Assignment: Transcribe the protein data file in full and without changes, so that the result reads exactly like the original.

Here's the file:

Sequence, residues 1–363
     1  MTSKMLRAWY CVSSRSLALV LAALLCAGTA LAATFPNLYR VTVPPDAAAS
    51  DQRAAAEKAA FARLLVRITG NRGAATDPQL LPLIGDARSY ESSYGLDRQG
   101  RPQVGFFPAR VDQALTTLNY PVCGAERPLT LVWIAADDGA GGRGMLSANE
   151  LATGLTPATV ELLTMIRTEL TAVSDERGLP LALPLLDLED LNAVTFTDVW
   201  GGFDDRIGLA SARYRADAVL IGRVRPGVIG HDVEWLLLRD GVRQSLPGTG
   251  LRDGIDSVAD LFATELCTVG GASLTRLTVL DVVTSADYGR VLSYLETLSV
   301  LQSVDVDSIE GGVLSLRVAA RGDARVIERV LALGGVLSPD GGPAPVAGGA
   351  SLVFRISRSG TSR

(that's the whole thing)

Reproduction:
Sequence, residues 1–363
     1  MTSKMLRAWY CVSSRSLALV LAALLCAGTA LAATFPNLYR VTVPPDAAAS
    51  DQRAAAEKAA FARLLVRITG NRGAATDPQL LPLIGDARSY ESSYGLDRQG
   101  RPQVGFFPAR VDQALTTLNY PVCGAERPLT LVWIAADDGA GGRGMLSANE
   151  LATGLTPATV ELLTMIRTEL TAVSDERGLP LALPLLDLED LNAVTFTDVW
   201  GGFDDRIGLA SARYRADAVL IGRVRPGVIG HDVEWLLLRD GVRQSLPGTG
   251  LRDGIDSVAD LFATELCTVG GASLTRLTVL DVVTSADYGR VLSYLETLSV
   301  LQSVDVDSIE GGVLSLRVAA RGDARVIERV LALGGVLSPD GGPAPVAGGA
   351  SLVFRISRSG TSR